A successful academic turns entrepreneur very successfully. He's now a university president. Stephen Spinelli has much to share on the topic of entrepreneurship.
Describe your entrepreneurial background.
My seminal moment occurred as an undergraduate at McDaniel College in Maryland. My football coach Jim Hindman had made a lot of money in the nursing home business. He looked at the world through an opportunity lens. He was the first person that I knew who could frame problems and solutions and then show how ambition could create value. The desired outcome was prosperity - but in a better world.
How successful was your Jiffy Lube venture?
Even though I was a co-founder from the outset in 1979, I also became Jiffy Lube's largest franchisee, with 58 stores throughout New York and New England. I sold them to Pennzoil in 1991, retaining ownership of much of the real estate. However, I'm jealous of my personal financial statement. Let's just say I achieved all my financial goals and then some.
Are you personally investing in the entrepreneurial activities of others?
Yes. I'm presently involved in three startup deals. I look for businesspeople who have a clear perspective of market demand in a rising tide environment. A nimble and accurate entrepreneur is of real importance to me.
Is being an entrepreneur a temporary or permanent career?
Both. An entrepreneur is focussed on the opportunity of today. But eventually the entrepreneur is infected for life.
Is an entrepreneur the product of a personal evolution? Or can he or she be taught?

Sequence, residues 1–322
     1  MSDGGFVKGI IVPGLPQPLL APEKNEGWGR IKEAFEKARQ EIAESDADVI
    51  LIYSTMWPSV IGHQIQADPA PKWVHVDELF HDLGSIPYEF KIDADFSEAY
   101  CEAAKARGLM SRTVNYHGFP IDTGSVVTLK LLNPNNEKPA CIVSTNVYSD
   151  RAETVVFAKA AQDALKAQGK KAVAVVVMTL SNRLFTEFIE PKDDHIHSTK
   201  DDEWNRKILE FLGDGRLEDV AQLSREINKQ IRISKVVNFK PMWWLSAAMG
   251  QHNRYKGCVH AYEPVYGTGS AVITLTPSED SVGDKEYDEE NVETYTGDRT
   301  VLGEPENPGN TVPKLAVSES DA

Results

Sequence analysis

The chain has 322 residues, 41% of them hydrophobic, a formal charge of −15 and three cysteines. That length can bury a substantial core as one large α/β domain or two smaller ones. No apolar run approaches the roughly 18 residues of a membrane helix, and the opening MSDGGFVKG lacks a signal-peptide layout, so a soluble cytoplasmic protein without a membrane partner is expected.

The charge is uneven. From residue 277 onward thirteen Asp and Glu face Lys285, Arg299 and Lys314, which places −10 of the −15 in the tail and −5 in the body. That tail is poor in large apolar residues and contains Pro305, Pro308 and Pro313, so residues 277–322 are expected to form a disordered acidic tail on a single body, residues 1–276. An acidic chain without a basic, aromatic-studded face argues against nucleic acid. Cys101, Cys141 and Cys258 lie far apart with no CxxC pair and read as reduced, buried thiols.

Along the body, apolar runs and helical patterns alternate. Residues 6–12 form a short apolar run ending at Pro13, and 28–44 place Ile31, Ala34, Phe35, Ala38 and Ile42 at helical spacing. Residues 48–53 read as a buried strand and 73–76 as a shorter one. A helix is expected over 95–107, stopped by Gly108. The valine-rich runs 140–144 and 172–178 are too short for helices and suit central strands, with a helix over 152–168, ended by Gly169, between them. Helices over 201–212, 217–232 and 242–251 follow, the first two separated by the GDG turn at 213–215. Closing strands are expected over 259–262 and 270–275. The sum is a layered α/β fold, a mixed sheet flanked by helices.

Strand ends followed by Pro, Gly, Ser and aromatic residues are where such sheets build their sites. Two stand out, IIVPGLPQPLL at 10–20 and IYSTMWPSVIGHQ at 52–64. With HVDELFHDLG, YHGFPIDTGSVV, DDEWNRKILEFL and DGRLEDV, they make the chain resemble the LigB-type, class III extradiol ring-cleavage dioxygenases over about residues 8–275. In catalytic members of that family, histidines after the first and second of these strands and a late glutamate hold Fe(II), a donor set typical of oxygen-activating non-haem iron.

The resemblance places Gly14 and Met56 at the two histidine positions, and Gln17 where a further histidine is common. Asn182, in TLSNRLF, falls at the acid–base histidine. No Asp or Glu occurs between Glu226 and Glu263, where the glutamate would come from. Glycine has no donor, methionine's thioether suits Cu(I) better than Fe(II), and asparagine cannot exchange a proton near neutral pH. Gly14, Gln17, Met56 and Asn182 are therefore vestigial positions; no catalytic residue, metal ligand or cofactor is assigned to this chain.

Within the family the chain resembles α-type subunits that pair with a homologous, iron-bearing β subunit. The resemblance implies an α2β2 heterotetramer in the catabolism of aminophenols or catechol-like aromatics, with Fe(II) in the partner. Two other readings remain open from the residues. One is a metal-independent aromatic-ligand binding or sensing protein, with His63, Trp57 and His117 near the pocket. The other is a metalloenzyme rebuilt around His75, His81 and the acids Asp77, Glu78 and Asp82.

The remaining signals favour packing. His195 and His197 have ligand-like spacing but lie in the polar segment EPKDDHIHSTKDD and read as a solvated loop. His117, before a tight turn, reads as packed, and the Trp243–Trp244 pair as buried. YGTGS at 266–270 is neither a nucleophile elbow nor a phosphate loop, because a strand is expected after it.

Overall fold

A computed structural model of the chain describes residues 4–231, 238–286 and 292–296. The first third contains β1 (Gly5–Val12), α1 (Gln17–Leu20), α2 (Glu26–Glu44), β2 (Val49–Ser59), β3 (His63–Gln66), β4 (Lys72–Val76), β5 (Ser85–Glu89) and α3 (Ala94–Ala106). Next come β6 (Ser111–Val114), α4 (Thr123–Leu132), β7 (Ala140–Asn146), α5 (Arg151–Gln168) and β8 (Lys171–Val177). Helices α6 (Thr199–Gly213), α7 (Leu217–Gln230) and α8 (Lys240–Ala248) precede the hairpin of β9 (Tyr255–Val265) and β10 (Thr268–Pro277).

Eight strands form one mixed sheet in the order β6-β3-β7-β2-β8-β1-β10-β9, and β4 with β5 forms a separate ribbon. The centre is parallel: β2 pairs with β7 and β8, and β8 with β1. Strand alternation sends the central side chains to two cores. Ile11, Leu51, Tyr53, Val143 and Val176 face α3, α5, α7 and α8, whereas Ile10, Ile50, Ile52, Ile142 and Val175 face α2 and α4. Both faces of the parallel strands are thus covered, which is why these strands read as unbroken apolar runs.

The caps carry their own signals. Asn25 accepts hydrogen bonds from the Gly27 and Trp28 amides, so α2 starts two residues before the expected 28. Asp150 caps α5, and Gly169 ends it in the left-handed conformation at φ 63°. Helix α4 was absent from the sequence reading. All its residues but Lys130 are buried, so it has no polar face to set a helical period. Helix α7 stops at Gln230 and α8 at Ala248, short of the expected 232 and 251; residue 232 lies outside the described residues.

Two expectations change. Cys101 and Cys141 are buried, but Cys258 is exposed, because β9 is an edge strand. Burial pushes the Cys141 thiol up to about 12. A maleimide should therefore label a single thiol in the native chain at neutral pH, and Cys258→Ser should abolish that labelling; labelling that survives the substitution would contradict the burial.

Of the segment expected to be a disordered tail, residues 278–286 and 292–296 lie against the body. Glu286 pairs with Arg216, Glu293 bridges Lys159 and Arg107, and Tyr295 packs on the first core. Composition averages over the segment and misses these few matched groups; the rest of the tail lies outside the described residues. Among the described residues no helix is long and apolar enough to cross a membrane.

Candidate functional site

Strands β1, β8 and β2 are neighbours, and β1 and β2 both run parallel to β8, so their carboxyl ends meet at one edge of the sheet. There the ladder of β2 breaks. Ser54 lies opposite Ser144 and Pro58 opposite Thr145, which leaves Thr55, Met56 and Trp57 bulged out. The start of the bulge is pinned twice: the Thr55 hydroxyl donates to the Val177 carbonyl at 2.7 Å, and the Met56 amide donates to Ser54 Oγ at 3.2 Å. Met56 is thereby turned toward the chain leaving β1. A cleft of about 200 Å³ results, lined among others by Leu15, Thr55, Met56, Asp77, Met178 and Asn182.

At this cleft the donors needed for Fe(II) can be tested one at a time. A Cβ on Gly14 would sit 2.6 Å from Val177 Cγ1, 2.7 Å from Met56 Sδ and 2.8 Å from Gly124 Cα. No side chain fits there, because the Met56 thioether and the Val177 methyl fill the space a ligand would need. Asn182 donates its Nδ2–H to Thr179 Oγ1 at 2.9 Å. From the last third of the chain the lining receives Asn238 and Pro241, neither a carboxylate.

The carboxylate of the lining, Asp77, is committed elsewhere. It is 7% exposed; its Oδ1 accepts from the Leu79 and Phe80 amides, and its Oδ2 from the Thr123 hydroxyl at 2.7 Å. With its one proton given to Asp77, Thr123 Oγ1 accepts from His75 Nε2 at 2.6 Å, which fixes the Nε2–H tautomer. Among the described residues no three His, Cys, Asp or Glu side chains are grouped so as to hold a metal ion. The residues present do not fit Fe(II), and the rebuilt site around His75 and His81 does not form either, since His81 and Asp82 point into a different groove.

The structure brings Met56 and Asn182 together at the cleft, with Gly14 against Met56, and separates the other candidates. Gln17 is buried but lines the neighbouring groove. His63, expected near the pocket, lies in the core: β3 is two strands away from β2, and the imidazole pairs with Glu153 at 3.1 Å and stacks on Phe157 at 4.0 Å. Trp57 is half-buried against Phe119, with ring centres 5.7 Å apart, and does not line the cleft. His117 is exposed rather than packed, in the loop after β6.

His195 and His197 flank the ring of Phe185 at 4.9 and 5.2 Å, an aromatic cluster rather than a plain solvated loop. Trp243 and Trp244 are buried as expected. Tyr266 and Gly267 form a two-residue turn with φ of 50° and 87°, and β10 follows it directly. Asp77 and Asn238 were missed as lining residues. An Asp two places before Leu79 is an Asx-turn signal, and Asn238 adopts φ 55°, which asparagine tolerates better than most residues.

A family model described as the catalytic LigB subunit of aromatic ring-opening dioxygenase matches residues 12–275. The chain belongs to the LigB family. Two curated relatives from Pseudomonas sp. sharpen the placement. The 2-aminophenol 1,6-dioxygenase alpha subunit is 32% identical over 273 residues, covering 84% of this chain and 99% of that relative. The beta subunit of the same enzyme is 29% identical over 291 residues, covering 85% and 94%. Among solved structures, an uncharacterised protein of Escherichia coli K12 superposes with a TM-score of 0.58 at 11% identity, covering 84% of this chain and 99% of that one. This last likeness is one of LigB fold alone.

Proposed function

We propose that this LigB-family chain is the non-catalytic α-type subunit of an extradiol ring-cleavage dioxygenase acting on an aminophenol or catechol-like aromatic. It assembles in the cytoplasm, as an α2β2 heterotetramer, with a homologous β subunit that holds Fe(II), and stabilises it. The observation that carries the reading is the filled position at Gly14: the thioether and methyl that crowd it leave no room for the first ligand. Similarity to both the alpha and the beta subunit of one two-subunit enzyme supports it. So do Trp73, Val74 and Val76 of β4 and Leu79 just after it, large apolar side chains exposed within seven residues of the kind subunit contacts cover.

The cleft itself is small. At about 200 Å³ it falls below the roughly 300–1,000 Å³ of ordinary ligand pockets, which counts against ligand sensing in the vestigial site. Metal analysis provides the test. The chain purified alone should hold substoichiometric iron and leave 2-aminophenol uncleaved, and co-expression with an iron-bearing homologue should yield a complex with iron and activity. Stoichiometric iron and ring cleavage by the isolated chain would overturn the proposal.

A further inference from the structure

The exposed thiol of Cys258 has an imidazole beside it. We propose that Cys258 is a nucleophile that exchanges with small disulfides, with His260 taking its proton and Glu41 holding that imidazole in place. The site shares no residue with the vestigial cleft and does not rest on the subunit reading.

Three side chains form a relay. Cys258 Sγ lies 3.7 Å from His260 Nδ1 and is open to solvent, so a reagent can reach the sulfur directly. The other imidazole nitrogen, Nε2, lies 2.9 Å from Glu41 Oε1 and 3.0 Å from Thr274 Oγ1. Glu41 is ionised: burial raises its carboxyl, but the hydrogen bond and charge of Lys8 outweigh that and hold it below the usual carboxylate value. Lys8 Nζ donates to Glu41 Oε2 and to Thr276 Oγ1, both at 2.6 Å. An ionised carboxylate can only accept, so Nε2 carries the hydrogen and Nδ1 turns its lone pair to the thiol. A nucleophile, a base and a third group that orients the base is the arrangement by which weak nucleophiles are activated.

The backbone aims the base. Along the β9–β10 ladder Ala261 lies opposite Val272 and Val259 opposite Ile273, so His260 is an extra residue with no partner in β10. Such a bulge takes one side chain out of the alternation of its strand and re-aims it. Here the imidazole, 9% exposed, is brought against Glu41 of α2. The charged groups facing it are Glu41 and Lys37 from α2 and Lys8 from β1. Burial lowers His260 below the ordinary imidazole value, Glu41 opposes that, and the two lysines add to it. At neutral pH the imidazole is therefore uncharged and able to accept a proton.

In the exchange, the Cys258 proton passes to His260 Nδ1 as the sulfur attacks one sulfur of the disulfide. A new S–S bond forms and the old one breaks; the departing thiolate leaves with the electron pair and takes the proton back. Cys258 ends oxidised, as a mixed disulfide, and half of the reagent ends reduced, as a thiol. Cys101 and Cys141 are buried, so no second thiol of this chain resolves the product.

Yes to both. You will evolve. I guarantee it. But if you can learn, you can be taught. Two types of people cannot learn entrepreneurship -- fools and geniuses. Geniuses know everything already, and fools cannot be taught. Every successful entrepreneur of my acquaintance always tells me what he or she has learned.
What might college do to accelerate the process?
Don't be so married to one pedagogy or teaching style. Instead, expose students to numerous entrepreneurs, especially those involved in various stages of the success process. Look for opportunities to expose your students to 'compressed experiences.'
Where are the hotbeds of entrepreneurship awareness in higher education today?
Babson College is the epicenter of entrepreneurship education, and it has been for years. They are culturally committed to entrepreneurship education. I believe their new president Len Schlesinger is doing an excellent job. Also noteworthy is Sloan/MIT and Stanford. Wharton has a highly engaged entrepreneurship curriculum. Baruch College has an interesting urban perspective on entrepreneurship.
Why is higher education itself an industry ripe for entrepreneurial success?
It's a highly evolved market. At the risk of sounding too simple, we used to provide liberal arts to rich kids. Now higher education is democratized. And access to information is 24/7 everywhere in the world. The brightest minds among us are trying to figure out how to satisfy an enormous demand. That's a cauldron of chaos that entrepreneurs love.
Where do you want to be five years from now?
At Philadelphia University we've achieved our goal of becoming a model for professional university education in the 21st century. So in five years, I'd like to be reviewing the list of candidates vying to become president here.
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